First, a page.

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Returning the Wind
and not much to take down a dirt road
Saaremaa, Estonia, December 1935
but for the flecked snowy owl
flapping through the silver birch
split rail fence and windmill sails
from the mouth of the wild boar
off round stones grouted in a glittery ice
A cold wind blows across the marshes toward the sea
over my mother’s bundled head
into her woolen coat
into her bones
into my own
My birthright then
this longing to return the wind
to its origin
haunted by the chronic memory
of a snow-covered beach
just before sunrise
and the sight of a single white feather there
Cardinals are not like people;
they have feathers and they mate for life.
One lies now, stiff—like a mitten dropped
and frozen at the edge of the salt-stained road.
His mate sits high in the evergreen tree
singing a song that sounds no different to me.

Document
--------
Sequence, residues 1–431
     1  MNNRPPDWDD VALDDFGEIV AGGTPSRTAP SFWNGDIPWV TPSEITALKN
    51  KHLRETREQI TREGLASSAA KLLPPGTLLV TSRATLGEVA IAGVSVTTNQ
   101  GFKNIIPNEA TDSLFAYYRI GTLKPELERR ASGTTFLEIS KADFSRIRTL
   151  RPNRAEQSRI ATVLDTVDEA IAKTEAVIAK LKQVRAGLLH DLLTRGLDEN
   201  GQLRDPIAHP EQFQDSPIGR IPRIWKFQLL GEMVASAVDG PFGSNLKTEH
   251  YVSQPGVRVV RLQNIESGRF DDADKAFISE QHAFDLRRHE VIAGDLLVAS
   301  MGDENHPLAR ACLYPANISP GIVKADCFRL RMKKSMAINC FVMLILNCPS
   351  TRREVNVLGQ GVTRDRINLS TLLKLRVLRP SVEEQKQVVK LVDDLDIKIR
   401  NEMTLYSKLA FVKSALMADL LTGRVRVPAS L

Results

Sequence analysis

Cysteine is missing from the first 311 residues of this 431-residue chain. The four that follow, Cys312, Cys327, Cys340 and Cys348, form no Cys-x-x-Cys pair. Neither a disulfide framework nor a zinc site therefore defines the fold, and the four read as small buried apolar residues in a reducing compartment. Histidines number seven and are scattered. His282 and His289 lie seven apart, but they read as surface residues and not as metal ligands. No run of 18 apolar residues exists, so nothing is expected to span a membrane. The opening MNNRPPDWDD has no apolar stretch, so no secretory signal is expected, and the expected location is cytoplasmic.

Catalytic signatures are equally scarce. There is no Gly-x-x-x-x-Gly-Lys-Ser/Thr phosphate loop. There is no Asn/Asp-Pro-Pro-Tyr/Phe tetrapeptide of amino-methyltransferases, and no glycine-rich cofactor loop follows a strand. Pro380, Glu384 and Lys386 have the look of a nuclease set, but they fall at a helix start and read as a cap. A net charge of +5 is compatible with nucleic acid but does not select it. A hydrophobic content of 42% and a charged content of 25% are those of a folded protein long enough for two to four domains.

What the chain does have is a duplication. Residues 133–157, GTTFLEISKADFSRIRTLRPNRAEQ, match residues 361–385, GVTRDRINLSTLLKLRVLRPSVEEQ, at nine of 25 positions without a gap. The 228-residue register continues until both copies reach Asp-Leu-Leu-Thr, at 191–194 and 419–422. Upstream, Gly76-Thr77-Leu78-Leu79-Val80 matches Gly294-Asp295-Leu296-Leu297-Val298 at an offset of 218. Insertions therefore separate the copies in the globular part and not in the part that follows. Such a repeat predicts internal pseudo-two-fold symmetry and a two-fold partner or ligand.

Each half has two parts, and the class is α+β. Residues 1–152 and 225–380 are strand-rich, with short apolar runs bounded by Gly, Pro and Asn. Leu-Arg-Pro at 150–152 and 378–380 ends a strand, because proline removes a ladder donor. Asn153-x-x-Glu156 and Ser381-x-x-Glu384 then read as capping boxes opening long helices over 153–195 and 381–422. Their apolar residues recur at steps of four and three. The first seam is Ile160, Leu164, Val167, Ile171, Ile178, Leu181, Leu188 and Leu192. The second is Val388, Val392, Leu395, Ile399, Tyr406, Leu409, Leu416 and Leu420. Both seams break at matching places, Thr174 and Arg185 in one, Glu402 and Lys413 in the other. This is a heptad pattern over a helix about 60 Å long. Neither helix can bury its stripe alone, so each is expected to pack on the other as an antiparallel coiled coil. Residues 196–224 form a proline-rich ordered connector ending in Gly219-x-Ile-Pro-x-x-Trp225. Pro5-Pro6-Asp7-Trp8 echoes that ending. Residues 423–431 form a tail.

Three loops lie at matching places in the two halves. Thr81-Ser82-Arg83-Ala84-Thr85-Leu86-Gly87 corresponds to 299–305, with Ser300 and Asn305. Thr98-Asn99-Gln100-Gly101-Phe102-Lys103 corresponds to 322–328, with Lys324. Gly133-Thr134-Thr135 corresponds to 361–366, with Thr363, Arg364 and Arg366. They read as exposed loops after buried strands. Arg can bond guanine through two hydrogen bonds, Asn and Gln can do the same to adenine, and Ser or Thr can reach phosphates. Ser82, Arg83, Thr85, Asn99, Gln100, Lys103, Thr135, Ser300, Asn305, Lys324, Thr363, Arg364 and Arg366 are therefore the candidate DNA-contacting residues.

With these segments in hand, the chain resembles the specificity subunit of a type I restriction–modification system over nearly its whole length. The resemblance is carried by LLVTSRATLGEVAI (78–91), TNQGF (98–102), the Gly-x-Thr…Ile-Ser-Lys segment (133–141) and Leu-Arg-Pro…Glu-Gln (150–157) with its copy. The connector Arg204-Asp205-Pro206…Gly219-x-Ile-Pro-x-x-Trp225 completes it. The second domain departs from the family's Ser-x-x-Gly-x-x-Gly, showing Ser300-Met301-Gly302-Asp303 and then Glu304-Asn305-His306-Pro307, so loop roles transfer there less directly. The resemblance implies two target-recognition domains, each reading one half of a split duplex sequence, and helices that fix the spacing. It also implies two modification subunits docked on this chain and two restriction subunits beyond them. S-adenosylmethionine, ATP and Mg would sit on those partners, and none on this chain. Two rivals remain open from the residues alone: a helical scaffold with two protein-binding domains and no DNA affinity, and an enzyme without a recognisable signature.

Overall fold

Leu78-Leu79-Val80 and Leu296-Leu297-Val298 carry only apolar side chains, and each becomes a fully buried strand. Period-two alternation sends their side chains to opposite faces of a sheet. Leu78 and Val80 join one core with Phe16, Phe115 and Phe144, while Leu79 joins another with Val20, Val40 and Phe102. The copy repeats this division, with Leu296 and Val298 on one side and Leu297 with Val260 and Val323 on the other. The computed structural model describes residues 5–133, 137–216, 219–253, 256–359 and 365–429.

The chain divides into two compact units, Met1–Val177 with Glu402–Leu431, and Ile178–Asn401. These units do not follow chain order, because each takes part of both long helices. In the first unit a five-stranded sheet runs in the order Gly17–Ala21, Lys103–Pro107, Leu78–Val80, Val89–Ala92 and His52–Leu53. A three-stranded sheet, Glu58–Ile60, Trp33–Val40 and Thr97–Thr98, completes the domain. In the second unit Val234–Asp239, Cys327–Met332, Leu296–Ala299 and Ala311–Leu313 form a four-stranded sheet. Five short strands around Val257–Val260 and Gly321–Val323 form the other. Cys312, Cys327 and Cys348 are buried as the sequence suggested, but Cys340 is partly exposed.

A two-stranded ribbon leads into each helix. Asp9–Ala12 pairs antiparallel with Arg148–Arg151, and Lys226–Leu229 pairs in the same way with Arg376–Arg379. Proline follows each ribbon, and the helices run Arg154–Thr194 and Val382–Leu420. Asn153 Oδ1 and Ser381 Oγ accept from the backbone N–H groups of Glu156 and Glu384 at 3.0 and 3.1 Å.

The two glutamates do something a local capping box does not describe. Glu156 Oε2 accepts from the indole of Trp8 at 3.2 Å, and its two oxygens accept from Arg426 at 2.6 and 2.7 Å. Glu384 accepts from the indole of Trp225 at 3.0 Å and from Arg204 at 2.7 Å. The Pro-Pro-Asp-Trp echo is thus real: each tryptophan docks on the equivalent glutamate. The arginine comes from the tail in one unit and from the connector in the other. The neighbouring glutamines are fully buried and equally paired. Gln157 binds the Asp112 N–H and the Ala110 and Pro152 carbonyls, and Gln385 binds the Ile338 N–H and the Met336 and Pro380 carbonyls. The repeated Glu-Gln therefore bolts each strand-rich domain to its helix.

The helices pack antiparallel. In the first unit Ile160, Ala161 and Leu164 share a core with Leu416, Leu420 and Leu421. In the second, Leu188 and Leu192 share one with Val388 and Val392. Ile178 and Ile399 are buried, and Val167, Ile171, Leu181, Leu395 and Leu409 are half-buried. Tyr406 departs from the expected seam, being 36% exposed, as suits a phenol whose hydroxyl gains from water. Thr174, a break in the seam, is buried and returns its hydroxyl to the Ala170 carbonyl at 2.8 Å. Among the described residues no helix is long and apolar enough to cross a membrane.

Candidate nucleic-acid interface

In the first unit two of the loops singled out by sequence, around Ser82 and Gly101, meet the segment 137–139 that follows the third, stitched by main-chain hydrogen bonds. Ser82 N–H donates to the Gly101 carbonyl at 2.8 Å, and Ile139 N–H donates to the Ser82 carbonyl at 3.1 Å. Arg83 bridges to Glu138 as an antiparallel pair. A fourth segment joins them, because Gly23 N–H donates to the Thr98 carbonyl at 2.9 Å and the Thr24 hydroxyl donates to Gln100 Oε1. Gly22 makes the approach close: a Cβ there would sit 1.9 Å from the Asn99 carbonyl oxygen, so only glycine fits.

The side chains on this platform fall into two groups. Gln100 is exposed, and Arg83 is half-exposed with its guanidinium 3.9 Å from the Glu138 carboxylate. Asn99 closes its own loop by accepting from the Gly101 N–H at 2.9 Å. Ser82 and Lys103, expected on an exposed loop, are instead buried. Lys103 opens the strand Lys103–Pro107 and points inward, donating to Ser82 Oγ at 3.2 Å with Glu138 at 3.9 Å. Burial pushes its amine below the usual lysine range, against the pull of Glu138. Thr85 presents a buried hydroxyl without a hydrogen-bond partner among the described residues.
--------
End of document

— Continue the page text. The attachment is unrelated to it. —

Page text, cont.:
Three days later I come home from work
and he has disappeared leaving nothing
but dozens of red feathers
scattered all down the street
like rose petals
in the February snow.
Susan Barry-Schulz is a physical therapist in Westchester County, NY. Her writing has been published in the Journal News and in the recent Barrelhouse POPLove! series. Her mother immigrated to the United States from Estonia in 1935. Susan is a member of the Hudson Valley Writer’s Center and the Mahopac Poetry Group. She grew up in a house filled with books.
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